Posted On February 5, 2016 by Print This Post

8 Ways to Touch the Heart of Your Reader with Rose Scott

My guest today, Rose Scott believes every good writer should be a good reader. I’m betting our RU Writing crew out there agrees!

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Have you ever paid attention to what kinds of books move you and make you feel goosebumps? Of course you have. After all, you’re a writer, and writers are attentive to details. You probably have all kinds of techniques and stylistic devices in your writer’s toolbox, and here I’d like to share 8 ways to touch the heart of your audience. I’ve added each one of these to my own writer’s toolbox, and I think you’ll find them useful.

  1. Write about things you know and that interest you

Are you doing anything else besides writing? Let’s say you’re a letter carrier like Charles Bukowski. He wrote his autobiographical novel Post Office, where Hank Chinaski (Bukowski’ book alter ego) lives his routine life and does his daily job. Include some facts from the field you know best of all into your writing (but only if they’re relevant, of course). Your readers will learn something new.

Melody Beattie, a self-help books author, says, “Live your life from your heart. Share from your heart. And your story will touch and heal people’s souls.” Your writer’s mission is to give readers new experiences and emotions they cannot enjoy in real life.

  1. Don’t write about things that don’t matter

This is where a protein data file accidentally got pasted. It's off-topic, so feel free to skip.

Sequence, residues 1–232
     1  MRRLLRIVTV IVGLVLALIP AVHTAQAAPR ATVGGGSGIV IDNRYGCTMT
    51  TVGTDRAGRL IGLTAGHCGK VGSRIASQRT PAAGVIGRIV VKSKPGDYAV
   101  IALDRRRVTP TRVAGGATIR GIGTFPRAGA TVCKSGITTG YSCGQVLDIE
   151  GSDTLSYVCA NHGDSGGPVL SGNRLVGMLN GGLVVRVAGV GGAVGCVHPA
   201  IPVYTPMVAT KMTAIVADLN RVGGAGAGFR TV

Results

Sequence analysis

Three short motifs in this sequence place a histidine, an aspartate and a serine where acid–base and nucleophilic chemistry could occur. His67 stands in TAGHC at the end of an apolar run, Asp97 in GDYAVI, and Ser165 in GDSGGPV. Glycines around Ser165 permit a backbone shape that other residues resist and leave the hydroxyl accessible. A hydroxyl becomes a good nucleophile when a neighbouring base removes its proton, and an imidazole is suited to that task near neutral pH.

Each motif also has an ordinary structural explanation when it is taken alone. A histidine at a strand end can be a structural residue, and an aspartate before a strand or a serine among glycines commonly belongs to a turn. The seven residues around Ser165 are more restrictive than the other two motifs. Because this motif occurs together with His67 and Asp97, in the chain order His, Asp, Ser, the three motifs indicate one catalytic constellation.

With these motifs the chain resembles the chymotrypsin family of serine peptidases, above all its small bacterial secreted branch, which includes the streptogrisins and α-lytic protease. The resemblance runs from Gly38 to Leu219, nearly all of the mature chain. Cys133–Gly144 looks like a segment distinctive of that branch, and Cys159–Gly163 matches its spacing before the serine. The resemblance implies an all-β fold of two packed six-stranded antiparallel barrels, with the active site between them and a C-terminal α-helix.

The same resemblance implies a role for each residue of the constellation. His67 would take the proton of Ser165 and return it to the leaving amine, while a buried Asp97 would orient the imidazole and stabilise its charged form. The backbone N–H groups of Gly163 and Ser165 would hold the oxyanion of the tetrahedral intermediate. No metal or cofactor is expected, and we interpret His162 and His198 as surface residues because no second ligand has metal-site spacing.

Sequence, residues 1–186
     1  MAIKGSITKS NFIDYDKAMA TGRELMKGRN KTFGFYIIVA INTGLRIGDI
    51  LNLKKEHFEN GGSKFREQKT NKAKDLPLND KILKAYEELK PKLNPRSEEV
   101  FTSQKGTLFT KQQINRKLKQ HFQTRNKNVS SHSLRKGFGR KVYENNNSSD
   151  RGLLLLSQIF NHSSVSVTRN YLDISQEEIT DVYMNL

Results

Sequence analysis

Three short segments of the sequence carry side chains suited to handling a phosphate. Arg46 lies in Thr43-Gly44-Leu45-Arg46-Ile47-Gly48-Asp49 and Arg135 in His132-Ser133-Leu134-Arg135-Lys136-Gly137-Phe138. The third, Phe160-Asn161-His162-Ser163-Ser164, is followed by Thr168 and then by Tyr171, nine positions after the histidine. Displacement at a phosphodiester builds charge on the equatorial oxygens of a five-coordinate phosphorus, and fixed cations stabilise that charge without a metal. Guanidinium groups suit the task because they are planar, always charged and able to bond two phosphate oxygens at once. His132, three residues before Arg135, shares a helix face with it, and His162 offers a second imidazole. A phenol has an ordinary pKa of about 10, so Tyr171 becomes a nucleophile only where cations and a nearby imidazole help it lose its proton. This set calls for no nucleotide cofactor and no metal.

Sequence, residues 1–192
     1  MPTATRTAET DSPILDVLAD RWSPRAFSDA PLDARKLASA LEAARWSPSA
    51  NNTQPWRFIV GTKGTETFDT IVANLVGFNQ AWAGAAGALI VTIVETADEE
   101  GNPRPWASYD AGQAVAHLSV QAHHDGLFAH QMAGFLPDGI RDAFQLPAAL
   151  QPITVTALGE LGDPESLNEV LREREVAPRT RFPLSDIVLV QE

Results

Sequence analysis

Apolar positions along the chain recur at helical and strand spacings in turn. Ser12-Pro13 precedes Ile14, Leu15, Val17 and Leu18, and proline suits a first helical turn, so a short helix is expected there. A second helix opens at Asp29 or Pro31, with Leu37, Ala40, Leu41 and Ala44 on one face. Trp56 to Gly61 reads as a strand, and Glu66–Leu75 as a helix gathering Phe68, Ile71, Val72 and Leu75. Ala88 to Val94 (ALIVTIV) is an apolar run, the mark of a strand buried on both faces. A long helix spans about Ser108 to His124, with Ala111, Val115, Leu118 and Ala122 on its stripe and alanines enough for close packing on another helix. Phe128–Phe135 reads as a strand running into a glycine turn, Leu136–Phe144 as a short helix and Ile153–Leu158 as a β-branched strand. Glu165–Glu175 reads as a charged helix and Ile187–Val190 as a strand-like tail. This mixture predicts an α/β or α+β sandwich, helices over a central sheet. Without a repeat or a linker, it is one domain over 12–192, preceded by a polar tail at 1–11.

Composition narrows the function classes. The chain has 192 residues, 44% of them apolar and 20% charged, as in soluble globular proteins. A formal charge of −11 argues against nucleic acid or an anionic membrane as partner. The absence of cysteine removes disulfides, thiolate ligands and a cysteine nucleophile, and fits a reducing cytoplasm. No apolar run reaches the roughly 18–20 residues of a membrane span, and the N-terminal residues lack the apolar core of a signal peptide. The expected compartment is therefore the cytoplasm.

Insignificant details confuse readers and make them feel like they’re on a wild goose chase. All your details must “speak” and have meaning for the plot. If you add any new storylines and flashbacks, be sure they help reveal your characters and move the story. By the way, try to get rid of unnecessary adjectives and adverbs, because they only overload your writing. I usually use Hemingway Editor, which highlights those words and phrases that you can delete (hard to read sentences, passive voice, adverbs, etc.).

  1. Show, don’t tell

This is what Stephen King always repeats, “Show, don’t tell.” Well, it’s easy to say, but hard to do. And yet you must try. Don’t say that a character is angry, show what she does so the reader concludes she must be angry. Show, what exactly gives away her anger. For example, instead of writing “the girl was angry” write “I saw her hands trembling. She grabbed a soup plate and threw at me saying, “How could you lie to me?”

  1. Write about things that disturb people, make them angry, or reveal their secrets

People are always trying to find the answers to those questions that torture them . There are lots of things of which many of us are afraid. There are things we’d like to conceal. And if you write about these things, there’s a strong chance people can find the answers they seek and breathe a sigh of relief. No one likes to feel as if they are completely alone with their feelings.

  1. Make readers admire or loathe your characters

Your characters should catch your readers’ attention. They should give them an example, or teach something, maybe provoke love or hatred. It doesn’t matter if they are good or bad, but they should all be bright. However, do your best to make them true to life so readers could believe such people live in their very own neighborhood. And one more detail: Please, don’t make your characters flat; don’t make them purely nice or purely mean – all people have both their good and bad sides.

  1. Make your characters choose and solve complex problems